The story behind why Magnus Nilsson is closing Fäviken

Sweden’s Fäviken has been recognized as one of the world’s most memorable culinary experiences for more than a decade. Chef Magnus Nilsson explains why he’s closing his 24-seat restaurant in December. (Robert Gourley / Los Angeles Times)


Magnus Nilsson is sitting in the April sun looking out at the garden at Fäviken, his 24-seat restaurant in Jämtland, in central Sweden. The snow is melting fast and the garden, one of two that supplies about half of the restaurant’s produce, is a network of browns and grays. But the garden he’s talking to me about, as we survey the approach of spring, is an 18-hectare (about 44-acre) apple orchard in southern Sweden that he and his wife, Tove, bought last fall. That’s where his mind has been lately, and where his considerable energy and curiosity will be planted soon, full time, after he closes his 11-year-old world-class restaurant for good in December.

“In every strategic way, this is not a wise decision,” says Nilsson. “But what’s the reason that someone runs a restaurant like Fäviken? Because you want to; it’s entirely driven by passion.” He says that the singular focus he has had, an effort that transformed an 18th century grain storage house into a restaurant that has routinely been numbered among the best in the world, has left him. “For the first time ever, I woke up and didn’t want to go to work.”

Fäviken and its 30-course tasting menu were chronicled in the first season of “Chef’s Table” and Nilsson was one of the chefs featured in Anthony Bourdain’s “Mind of a Chef.” Nilsson has written three cookbooks, including “The Nordic Cookbook,” a home cooking encyclopedia the size of the King James Bible that he researched, wrote and photographed himself. It’s easy to forget that he’s only 35 years old, and that Fäviken was his first try at running a restaurant.


“I’ve always known that Fäviken was not going to be forever,” he says, looking out over a small herd of red deer on a nearby field, toward snow-covered Areskutan mountain, which is on the other side of the ski resort town where he went to cooking school as a teenager. “That’s not really a revelation, because it applies to all restaurants and all businesses and really everything.”

Nilsson initially came to Jämtland to help run the wine program at the Fäviken estate and the restaurant after befriending owners Patrik and Ann-Charlotte Brummer. He’d quit cooking at 24 and moved back to Sweden after three years working in Paris, with hopes of becoming a wine writer. At that time, the Fäviken restaurant was known for making moose fondue for crowds. “My first service here was for 178 people,” says Nilsson. “It was extremely popular.”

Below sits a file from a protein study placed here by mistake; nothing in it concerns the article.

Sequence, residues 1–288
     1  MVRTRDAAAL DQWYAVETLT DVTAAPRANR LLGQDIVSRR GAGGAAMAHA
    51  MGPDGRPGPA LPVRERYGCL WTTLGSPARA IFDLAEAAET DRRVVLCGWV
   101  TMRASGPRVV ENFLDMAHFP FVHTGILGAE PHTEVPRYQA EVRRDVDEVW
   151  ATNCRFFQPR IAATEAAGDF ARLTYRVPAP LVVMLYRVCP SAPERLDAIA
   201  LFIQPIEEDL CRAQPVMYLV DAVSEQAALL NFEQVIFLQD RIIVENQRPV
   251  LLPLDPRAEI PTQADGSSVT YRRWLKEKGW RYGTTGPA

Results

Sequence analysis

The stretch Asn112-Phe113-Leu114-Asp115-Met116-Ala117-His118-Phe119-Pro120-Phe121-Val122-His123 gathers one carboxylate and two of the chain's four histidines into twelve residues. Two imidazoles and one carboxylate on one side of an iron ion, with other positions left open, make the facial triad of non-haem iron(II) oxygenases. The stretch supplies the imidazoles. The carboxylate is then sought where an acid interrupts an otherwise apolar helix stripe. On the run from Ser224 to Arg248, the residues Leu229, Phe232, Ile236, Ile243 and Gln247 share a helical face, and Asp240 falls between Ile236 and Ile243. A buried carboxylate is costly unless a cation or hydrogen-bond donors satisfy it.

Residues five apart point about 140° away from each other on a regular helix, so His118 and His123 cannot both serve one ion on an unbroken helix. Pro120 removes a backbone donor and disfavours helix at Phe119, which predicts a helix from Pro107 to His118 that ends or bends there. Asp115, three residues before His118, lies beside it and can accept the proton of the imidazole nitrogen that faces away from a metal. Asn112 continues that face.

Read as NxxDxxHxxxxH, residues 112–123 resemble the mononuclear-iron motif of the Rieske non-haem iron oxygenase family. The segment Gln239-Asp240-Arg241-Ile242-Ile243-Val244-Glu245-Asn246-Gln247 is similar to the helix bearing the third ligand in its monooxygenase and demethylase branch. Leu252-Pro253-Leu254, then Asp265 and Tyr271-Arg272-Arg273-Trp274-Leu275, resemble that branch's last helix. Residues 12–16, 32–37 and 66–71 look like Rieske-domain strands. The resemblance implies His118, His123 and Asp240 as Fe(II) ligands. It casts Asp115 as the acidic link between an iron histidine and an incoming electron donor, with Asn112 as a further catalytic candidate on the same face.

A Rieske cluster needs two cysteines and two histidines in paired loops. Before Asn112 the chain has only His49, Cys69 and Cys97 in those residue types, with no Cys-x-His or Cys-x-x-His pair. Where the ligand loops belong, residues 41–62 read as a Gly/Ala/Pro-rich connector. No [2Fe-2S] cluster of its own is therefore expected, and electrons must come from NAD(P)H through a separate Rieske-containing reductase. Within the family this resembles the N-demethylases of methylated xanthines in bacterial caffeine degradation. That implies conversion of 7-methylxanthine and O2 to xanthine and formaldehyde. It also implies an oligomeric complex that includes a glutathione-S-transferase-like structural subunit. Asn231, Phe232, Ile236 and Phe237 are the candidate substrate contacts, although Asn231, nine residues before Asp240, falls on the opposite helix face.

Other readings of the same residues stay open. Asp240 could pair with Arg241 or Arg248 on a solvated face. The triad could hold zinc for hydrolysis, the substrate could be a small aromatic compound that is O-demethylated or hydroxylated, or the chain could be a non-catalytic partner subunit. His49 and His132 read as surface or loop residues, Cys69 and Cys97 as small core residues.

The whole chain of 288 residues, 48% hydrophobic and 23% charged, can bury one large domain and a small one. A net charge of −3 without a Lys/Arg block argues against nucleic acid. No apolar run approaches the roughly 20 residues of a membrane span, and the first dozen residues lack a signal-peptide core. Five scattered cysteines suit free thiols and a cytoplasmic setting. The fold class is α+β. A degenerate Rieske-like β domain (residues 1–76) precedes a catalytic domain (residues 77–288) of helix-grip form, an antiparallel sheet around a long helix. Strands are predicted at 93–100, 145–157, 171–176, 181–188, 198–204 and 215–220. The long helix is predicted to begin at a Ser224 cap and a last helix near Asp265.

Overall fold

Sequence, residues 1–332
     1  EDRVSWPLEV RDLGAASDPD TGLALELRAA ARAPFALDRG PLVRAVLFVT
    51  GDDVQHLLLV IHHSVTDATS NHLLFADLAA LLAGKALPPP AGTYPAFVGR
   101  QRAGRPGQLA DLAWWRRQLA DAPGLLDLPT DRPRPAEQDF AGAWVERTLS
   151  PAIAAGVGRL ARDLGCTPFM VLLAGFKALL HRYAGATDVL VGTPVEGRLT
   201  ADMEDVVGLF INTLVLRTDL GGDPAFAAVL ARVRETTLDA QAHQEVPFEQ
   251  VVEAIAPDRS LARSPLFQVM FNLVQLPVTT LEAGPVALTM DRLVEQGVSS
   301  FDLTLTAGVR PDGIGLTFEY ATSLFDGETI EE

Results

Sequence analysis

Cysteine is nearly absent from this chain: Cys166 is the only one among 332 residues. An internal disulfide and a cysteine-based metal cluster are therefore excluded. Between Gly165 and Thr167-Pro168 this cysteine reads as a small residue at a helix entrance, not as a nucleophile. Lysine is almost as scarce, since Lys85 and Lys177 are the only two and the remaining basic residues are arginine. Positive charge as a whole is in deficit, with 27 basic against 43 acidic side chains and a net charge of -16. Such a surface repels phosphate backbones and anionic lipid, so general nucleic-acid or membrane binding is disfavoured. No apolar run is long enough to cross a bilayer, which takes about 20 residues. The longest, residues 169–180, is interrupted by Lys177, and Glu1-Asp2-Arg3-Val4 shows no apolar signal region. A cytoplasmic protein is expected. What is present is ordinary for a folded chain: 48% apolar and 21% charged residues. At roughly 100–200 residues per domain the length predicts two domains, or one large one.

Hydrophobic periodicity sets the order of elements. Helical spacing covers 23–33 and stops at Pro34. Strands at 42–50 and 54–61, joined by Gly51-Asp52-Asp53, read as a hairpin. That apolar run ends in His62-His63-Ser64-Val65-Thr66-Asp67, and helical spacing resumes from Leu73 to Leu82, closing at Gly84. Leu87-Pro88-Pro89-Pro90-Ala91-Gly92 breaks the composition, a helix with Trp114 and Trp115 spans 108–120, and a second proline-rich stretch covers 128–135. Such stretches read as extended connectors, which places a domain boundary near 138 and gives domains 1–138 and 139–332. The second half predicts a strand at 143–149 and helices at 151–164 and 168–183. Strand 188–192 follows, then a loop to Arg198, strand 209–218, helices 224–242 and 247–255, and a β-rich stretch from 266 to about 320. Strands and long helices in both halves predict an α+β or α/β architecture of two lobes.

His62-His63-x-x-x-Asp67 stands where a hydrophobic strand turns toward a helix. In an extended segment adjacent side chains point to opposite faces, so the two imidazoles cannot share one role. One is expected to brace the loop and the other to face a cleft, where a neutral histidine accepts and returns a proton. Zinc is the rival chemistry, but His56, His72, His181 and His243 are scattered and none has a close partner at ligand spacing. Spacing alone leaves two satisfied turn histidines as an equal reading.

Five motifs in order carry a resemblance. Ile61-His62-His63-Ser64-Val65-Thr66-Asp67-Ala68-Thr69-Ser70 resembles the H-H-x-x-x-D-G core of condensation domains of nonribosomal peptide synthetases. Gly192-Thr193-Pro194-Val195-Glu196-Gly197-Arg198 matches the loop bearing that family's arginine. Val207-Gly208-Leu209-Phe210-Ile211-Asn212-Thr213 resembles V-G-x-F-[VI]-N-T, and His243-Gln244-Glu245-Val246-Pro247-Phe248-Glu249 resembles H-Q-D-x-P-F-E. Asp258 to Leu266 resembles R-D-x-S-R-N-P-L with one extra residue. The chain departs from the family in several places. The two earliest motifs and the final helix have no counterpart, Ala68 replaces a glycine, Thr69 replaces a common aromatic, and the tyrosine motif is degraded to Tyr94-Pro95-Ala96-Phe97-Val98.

Chef Magnus Nilsson in front of his famous root cellar at Fäviken.
(Robert Gourley / Los Angeles Times)

‘I’m not leaving because I’m discontent with the restaurant. I’m just leaving because I’m done with it. Because I want to do other things.’

— Chef Magnus Nilsson

What is the lifespan of a restaurant? Particularly one knitted from the local produce and wildlife, and to a charismatic, ambitious and perpetually inquisitive chef?

“It’s a paradox of aptitude,” says Nilsson. He’s in the restaurant kitchen about three nights a week now, but he says he cooks for his family almost every day. “You’re very good at something and very quickly you find yourself doing it less and less.”


Normally restaurants close because a lease ends, or a partnership ends, or the chef leaves to open another restaurant — none of which is the case with Fäviken. Nilsson acknowledges that he could cede the running of Fäviken to his extremely talented staff, who now number 40, many of whom have been with him for years. But since the beginning, Fäviken has been an intensely personal project, an extension of the particular curiosity patterns of its chef, who grew up in nearby Östersund, and who hunts, forages, preserves and plants much of the menu himself.

“I’m not leaving because I’m discontent with the restaurant. I’m just leaving because I’m done with it. Because I want to do other things.” But, he says, “I don’t want to hand it over and write an autobiography.”